Clinical Oncology Service
Veterinary Hospital of the University of Pennsylvania (VHUP)
Last Modified: November 1, 2001
The goal of cancer treatment in the veterinary patient is to prolong good quality of life for as long as possible. Quantity of life is meaningless without quality. Because quality issues are vague and changeable, it is easy to focus instead on quantity because that is a specific, well-defined goal. It is important to keep these two factors in balance. Your veterinarian should provide perspective and be objective and well-informed about cancer, it's treatment, and how it is likely to affect your pet. On the other hand, you know your pet the best?the veterinary staff sees your pet for perhaps a few hours a week in a hospital setting, while you and your family are with your pet at home on a daily basis.
Cancer treatment usually involves side effects, which can affect a pet's quality of life. The degree of side effects that are tolerable depend on the goal and expected outcome of treatment. If our hope is for a cure or control of cancer (which in veterinary medicine usually means one year or longer), then we may be willing to tolerate treatment side effects with a higher risk, severity, and duration. Several days or weeks of decreased quality seems reasonable in exchange for many months of good quality of life. However, if we believe a cancer is incurable or impossible to control, then our goals become those of palliation, which is an attempt to maintain or improve quality of life without attempting to prolong it. We are unwilling to accept anything but minimal treatment side effects because the treatment should not be worse than the disease. Palliative care focuses on supportive measures such as controlling pain and infection, and providing adequate nutrition. Every owner and veterinarian will have their own opinion as to what constitutes acceptable and unacceptable risks and side effects. It is important to thoroughly discuss these concerns with your veterinarian so that together you can work towards a common goal.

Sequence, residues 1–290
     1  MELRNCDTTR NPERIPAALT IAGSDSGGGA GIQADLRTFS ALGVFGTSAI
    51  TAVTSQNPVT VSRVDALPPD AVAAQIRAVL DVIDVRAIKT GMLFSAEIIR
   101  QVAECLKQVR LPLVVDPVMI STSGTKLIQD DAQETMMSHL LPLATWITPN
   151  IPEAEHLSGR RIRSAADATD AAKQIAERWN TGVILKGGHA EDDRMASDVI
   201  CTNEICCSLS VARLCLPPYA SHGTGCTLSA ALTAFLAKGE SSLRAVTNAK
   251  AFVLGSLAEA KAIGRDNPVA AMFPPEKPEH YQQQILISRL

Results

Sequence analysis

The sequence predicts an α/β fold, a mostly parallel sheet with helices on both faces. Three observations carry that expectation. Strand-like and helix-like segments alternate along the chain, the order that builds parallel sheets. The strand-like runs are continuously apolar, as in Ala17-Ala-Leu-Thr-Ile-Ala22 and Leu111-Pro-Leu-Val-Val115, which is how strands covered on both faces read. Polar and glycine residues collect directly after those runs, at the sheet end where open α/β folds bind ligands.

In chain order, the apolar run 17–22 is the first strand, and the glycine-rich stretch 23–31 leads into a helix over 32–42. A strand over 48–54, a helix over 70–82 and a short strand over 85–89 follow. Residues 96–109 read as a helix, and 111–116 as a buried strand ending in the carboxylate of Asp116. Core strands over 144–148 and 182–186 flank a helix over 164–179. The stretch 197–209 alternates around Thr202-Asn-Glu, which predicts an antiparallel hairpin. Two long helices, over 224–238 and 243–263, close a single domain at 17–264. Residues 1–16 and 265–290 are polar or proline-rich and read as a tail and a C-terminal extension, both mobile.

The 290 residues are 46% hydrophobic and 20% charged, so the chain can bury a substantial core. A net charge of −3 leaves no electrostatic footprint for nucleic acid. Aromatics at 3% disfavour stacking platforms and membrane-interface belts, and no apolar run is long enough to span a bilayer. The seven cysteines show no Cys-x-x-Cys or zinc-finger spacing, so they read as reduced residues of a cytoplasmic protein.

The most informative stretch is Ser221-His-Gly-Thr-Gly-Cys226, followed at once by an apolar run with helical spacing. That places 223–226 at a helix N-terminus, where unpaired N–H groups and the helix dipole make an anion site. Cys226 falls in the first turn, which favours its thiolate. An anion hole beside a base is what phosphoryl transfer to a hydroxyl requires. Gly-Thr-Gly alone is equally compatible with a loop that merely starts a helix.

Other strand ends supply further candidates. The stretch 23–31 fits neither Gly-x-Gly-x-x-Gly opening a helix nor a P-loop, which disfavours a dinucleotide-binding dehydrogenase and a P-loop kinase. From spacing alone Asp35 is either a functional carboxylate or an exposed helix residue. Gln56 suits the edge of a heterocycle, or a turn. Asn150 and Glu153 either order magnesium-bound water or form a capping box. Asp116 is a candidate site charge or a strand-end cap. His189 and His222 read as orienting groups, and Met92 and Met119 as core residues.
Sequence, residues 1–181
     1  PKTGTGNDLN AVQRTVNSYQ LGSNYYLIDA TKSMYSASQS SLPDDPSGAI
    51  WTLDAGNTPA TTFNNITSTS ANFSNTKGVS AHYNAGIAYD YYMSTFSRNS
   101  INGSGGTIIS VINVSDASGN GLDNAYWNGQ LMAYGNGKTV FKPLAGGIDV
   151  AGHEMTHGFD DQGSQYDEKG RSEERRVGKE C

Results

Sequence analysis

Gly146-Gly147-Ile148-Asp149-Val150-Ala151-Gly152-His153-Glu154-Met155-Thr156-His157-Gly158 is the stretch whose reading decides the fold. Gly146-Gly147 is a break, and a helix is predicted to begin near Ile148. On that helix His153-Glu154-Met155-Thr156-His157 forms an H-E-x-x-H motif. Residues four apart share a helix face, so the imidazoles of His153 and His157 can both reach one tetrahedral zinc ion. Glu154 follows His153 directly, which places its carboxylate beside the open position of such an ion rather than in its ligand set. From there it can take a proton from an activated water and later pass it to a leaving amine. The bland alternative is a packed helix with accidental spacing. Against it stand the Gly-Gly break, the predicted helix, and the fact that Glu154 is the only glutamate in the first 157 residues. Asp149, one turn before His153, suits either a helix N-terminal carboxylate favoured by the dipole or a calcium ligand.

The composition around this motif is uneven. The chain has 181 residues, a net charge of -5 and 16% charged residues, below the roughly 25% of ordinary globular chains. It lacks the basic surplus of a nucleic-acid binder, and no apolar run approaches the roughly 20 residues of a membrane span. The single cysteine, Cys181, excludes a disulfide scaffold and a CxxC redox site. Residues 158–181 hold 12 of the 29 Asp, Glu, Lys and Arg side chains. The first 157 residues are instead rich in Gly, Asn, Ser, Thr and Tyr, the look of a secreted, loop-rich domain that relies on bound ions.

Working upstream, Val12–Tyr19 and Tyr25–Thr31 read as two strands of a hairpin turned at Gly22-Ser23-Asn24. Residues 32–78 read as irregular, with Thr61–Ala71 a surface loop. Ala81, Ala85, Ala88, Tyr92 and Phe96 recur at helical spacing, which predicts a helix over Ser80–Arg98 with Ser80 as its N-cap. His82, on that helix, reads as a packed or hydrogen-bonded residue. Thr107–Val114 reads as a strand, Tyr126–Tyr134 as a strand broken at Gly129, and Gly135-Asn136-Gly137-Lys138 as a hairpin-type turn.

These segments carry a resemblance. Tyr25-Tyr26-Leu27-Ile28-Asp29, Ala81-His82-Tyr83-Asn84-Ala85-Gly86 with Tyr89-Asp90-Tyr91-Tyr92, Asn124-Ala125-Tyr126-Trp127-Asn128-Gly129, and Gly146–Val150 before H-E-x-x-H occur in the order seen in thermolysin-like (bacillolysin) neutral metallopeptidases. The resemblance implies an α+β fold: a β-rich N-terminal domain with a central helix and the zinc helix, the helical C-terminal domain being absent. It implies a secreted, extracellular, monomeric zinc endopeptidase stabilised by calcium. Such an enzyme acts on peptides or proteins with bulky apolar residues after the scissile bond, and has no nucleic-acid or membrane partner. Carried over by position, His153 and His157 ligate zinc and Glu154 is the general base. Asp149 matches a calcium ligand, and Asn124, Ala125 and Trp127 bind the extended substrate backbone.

Because we cannot ask our pets how they feel, we have to rely on their behavior and from this infer quality of life. Measurements of quality of life have been developed by veterinary oncologists. For example, the Animal Medical Center in New York City developed a "Performance Scale" that allows both the pet's family and the veterinarian to assess overall quality of life. It considers 5 factors that affect an animal's ability to carry on its normal activities.
Not only is this assessment a good indicator of how your pet feels overall, it also provides useful medical information. In general, animals that score high (i.e., have close to normal behaviors) tend to tolerate treatments well and do better overall than animals who score lower on the scale.
Quality of life means different things to different people. For some people it is their pet's chasing a ball or greeting them at the door. For others, it is simply knowing that pets are eating and sleeping through relaxing, painless days. One of the difficulties in evaluating your pet's quality of life is that it can decline gradually. For someone living with a pet there may be no obvious daily changes, while to someone who only sees your pet every few weeks or months there could be dramatic change. Because of this, we encourage owners to establish and document their own personal "minimum standards" of quality of life for their pet at the start of cancer treatment. For example, it might be a pet's lack of interest in eating or going on walks. It might be a pet's struggling to breathe or inability to "get comfortable". Often, it is a pet's inability to respond to his owners or his struggle to muster even a small gesture of affection. Thinking about these issues and discussing them with your family and veterinarian early in the course of therapy can help with difficult decisions later on, such as discontinuing treatment or electing euthanasia.
There often comes a point in the treatment of our veterinary cancer patients when we have exhausted all reasonable treatment options, and there is a low probability for quality of life in the future. We must remember that just because a treatment is technically possible does not mean that it is the best thing for our patient. We are then faced with euthanasia as the last treatment option. Just as we have intervened in the pets life by providing aggressive medical care in an effort to improve and prolong quality of life, we intervene when these methods are no longer effective so that we do not prolong needless suffering. It is the last act of kindness we can offer.